Roger Wethered (1 Amateur, 5 Walker Cup's, 1 Walker Cup Captain)

1899 - 1983

Roger Henry Wethered (3 January 1899 – 12 March 1983) was an English amateur golfer who was the brother of Joyce Wethered, one of the finest female golfers of the pre-war era.[1]

Born in Surrey, Wethered was the only son of Herbert Newton Wethered and Marion Emmeline Lund. He was frequently ill as a child and this resulted in him being home-tutored. His father had authored numerous books about golf and this proved to be influential on Wethered as he took up golf from an early age.[1]

Wethered was called up in 1918 to serve in the Royal Artillery in World War I. However, he was recalled from France some weeks later as peacetime was declared. Upon his return he enrolled at Christ Church at Oxford University. He joined the Oxford golf team with Cyril Tolley, a good friend of his, and both were successful young golfers. His game was defined by great power and technique with iron clubs. His driving was less accomplished but his ability to recover more than made up for this shortcoming.[1]

He graduated from Oxford with a BA in English in 1921. Soon after this achievement came his finest hour as he narrowly lost The Open Championship to Jock Hutchison in the 1921 edition of the tournament. Had he won the competition he would have been the last British amateur to do so. Indeed, no other British amateur has come so close to victory in the tournament since Harold Hilton won the 1897 Open Championship. He followed this achievement with further successes: as he grew older his driving began to improve and he won his first Amateur Championship in 1923 at Deal, Kent. However, after these two events Wethered failed to repeat his earlier singles tournament successes but he continued to be an influential golfer, earning the respect of his peers for his modest demeanour.[1]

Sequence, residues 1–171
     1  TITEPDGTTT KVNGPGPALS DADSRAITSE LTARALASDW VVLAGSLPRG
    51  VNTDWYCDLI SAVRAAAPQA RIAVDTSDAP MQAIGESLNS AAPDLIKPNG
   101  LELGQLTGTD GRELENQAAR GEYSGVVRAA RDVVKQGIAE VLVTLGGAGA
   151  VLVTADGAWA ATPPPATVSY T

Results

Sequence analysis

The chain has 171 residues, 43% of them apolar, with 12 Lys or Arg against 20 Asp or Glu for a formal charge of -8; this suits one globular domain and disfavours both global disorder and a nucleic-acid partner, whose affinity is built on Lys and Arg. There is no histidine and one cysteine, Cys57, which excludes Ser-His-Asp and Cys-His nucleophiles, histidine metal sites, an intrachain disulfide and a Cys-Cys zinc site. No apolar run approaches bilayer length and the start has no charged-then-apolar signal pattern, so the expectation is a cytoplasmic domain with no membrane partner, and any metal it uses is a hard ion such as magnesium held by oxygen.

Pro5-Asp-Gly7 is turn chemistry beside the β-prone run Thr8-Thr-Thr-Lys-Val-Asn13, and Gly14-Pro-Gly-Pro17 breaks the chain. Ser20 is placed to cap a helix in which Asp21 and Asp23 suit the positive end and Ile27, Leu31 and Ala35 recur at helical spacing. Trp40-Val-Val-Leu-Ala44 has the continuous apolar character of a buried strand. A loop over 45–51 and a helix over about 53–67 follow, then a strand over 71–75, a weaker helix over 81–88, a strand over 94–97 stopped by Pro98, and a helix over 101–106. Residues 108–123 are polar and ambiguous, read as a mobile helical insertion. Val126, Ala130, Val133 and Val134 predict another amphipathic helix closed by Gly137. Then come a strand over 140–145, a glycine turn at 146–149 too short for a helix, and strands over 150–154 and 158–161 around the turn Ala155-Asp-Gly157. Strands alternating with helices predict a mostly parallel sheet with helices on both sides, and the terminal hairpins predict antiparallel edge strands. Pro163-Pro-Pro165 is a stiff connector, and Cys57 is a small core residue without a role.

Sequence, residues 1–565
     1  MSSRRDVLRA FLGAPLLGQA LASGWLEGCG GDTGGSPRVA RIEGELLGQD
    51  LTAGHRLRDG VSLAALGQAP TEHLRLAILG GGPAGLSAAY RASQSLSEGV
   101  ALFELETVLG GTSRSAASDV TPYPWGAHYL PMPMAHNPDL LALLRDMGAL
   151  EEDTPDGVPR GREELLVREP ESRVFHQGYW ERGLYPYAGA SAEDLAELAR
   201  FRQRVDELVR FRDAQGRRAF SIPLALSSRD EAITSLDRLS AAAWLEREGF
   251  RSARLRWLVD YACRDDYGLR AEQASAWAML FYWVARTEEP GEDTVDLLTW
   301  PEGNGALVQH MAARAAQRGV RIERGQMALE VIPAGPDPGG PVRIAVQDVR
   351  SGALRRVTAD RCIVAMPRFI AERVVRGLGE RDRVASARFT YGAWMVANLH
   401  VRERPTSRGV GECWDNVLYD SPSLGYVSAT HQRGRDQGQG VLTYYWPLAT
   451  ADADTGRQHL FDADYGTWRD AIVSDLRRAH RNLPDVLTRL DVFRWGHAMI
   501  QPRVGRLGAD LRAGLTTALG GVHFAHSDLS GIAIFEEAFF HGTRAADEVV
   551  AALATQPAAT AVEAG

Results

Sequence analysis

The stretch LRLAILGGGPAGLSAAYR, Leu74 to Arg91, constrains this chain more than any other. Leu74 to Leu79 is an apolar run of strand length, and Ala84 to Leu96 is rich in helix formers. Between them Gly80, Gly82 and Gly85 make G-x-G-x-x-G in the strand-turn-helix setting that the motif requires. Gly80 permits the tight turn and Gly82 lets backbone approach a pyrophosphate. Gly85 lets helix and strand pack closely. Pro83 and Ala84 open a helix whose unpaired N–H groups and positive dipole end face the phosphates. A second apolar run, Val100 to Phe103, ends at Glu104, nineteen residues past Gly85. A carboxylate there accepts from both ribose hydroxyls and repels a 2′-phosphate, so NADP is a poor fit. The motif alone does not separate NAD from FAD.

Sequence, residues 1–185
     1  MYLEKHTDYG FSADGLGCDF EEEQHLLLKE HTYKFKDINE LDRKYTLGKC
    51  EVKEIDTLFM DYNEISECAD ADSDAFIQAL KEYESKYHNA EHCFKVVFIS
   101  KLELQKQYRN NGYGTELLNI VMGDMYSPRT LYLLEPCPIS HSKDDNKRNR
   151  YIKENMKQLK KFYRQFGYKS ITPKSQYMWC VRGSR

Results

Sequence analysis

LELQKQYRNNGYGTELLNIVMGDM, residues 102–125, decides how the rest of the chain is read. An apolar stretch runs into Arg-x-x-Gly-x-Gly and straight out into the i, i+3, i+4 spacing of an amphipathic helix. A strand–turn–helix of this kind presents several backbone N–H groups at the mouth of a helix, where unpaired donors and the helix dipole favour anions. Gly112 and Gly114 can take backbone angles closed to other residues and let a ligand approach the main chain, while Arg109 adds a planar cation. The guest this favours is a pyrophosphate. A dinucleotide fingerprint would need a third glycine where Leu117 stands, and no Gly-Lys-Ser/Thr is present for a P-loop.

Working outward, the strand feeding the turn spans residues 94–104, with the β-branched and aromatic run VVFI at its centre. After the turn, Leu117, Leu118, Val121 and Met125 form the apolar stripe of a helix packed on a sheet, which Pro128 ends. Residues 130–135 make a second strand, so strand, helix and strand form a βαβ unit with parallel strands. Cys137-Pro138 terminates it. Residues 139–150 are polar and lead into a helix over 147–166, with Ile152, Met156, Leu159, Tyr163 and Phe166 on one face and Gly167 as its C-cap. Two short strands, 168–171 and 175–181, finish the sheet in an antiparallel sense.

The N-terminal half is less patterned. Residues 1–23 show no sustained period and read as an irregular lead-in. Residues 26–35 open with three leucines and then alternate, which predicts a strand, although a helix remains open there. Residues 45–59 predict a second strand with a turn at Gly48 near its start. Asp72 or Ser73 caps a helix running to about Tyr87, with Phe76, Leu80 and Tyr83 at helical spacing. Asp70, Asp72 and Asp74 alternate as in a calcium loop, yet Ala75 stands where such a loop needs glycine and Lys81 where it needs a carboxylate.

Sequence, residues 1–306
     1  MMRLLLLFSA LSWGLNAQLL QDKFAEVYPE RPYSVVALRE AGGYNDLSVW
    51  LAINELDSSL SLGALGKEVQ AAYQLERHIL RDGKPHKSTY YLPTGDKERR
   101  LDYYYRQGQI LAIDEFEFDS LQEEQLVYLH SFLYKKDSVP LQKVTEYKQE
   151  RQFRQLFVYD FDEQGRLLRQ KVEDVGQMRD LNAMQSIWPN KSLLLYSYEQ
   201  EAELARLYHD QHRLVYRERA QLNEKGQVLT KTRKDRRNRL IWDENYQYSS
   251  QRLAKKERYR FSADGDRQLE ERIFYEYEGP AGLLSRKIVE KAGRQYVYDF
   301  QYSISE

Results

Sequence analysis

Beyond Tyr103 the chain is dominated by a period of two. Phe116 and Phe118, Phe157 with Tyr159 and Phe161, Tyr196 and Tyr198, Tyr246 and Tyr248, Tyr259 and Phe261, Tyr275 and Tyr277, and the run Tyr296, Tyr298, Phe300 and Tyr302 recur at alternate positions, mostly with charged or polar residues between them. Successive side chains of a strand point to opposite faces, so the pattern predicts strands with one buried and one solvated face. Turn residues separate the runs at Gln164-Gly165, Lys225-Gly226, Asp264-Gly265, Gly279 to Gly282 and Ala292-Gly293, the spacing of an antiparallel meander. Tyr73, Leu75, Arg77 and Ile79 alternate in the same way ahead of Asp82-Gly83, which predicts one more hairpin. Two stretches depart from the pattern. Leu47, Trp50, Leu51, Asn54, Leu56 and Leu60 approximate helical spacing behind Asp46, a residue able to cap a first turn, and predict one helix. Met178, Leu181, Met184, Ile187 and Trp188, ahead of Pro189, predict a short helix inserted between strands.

Wethered was a runner up in the Amateur Championship twice (1928 and 1930) and won the President's Putter five times. Furthermore, he was capped by England numerous times in competition against Scotland and in the Walker Cup against the United States, emerging victorious with regularity. In singles competition he beat all-comers, losing only to American golfer Bobby Jones.[1]

Wethered's abilities had begun to wane by the 1930s and his focus had turned to his full-time job as a stockbroker in London. He continued to be involved in golf, however, working with the committee at The Royal and Ancient Golf Club of St Andrews. He was elected captain of the club in 1939 and finally took office in 1946. He was successful as an investor and upon his retirement he returned to the golf courses to play out his remaining days. At the age of 74 he scored a remarkable round of 74 at the Royal Wimbledon Golf Club. He died at his home at Garnet House, Wimbledon.[1]